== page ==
Via Balkinization;

    Courtesy of a live blog from the WSJ:

    JUSTICE SCALIA: When did it become unconstitutional to ban same-sex marriage? Was it 1791? 1868?

    TED OLSON: When did it become unconstitutional to ban interracial marriage?

    JUSTICE SCALIA: Don’t try to answer my question with your own question.

    BTW; I think there is a chance Thomas may separate himself from his dominant twin.

  11. Peterr says:

    @bmaz: No, they’re not similarly situated, but they present the same issue with regard to urgency. To say with DOMA “We HAVE to decide this now, because confusion at the lower court level on this is intolerable and cannot be allowed to continue,” and then at the same time to say with respect to Prop 8, “the time is not ripe for this; let’s let the states chew on this for a while yet, or let things play out in the realm of the electorate over the next couple of years” they’re sending the ultimate in Constitutional Mixed Messages.

    Either the confusion around marriage equality requires a solution now, or it doesn’t, and SCOTUS can’t have it both ways. To pretend it does with DOMA and doesn’t with Prop 8 is a giveaway that the problem isn’t with the law or the cases, but with the willingness of at least some on SCOTUS to actually make a ruling in a difficult case with political overtones.

  12. Peterr says:

    I’m still working my way through the transcript, but after reading how all three attorneys were grilled on standing (Cooper, Olson, and Verrilli), the attorney for BLAG better be ready to explain why they can defend DOMA when the executive branch refused to do so.

    Suddenly I’m seeing a serious possibility of both cases being punted over standing. They REALLY don’t seem to want to touch this stuff.

  13. Peterr says:

    @Teddy: A great piece.

    I also like this part:

    Anyway, Denniston thinks — and I agree — that the Court will do almost anything to kick this particular can back down the road to the states. (Although the argument that the Court should not rule in favor of marriage equality because there will ensue raging and Bible-banging and poo-flinging drives me straight up the wall. To quote Charlie Skinner from The Newsroom: “I’m too old to live my life in fear of dumb people.”)

    Maybe the justices could watch The Newsroom during their discussions in chambers.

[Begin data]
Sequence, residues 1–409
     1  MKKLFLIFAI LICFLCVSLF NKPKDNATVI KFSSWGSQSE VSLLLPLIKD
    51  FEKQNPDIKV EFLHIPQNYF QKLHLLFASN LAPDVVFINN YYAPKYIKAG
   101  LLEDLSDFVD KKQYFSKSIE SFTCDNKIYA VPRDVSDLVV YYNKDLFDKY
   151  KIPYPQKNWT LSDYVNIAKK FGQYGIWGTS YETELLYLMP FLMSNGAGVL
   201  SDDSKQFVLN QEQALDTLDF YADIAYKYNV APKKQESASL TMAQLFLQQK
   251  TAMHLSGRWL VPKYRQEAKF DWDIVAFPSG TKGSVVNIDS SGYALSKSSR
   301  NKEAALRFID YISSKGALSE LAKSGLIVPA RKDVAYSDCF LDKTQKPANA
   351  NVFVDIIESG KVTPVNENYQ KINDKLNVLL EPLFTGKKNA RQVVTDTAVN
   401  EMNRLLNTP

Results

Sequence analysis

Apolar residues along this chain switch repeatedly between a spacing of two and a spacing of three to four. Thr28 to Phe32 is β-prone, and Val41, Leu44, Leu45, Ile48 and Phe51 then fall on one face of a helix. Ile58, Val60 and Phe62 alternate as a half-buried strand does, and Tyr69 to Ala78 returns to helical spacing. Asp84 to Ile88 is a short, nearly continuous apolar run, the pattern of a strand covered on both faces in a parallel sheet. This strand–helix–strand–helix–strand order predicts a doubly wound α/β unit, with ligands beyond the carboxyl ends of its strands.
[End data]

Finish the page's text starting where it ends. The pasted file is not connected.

14. The Opium Wars says:


    Rather Than Fix The CFAA, House Judiciary Committee Planning To Make It Worse… Way Worse

    Adds computer crimes as a form of racketeering

    Expands the ways in which you could be guilty of the CFAA — including making you just as guilty if you plan to “violate” the CFAA than if you actually did so

    Ratchets up many of the punishments

    Expands the definition of “exceeding authorized access” in a very dangerous way

    Make it easier for the federal government to seize and forfeit anything

  15. JTMinIA says:

    @Ben Franklin: wow

    JUSTICE SCALIA: When did it become unconstitutional to ban same-sex marriage? Was it 1791? 1868?

    TED OLSON: When did it become unconstitutional to ban interracial marriage?

    Oh, snap! My next pet is being named Ted Olson.

  16. bmaz says:

    @JTMinIA: I know you, you been around a good long while, this statement would not have issued a few years ago.

    Oh, and I am totally with you in that sentiment!

  17. Peterr says:

    @P J Evans: The WSJ edited that section quite a bit to connect those two statements directly. There was more than a little in between each of the back-and-forth comments cited @12.

    Not that Scalia doesn’t come off looking like a bad comic at various points of the oral argument, but he doesn’t need help from a bad editor to do that.

  18. P J Evans says:

    I saw an unedited (or at least less-edited) version, also.
    I still think Scalia should know better, especially when some people are trying to claim he’s one of the current best conservative judicial minds.

  19. Bill Michtom says:

    The idea that Scala is a great legal mind, which has always been paraded around about him, should have been completely tossed (not that it was ever valid) with his dissent in Edwards v. Aguillard.

    So much of what he does is trying to justify his prejudices with faulty theories about and references to the Constitution.

    He’s a hateful person.

Comments are closed.